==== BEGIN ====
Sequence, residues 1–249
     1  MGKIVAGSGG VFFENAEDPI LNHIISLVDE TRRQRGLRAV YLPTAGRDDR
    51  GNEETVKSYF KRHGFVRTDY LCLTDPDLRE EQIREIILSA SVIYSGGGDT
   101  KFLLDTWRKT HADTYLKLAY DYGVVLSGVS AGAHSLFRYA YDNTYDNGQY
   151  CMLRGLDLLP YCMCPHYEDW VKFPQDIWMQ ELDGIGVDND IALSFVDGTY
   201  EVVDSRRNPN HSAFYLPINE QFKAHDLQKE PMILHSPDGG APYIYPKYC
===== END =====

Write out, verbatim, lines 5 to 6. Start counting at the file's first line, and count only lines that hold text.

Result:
   151  CMLRGLDLLP YCMCPHYEDW VKFPQDIWMQ ELDGIGVDND IALSFVDGTY
   201  EVVDSRRNPN HSAFYLPINE QFKAHDLQKE PMILHSPDGG APYIYPKYC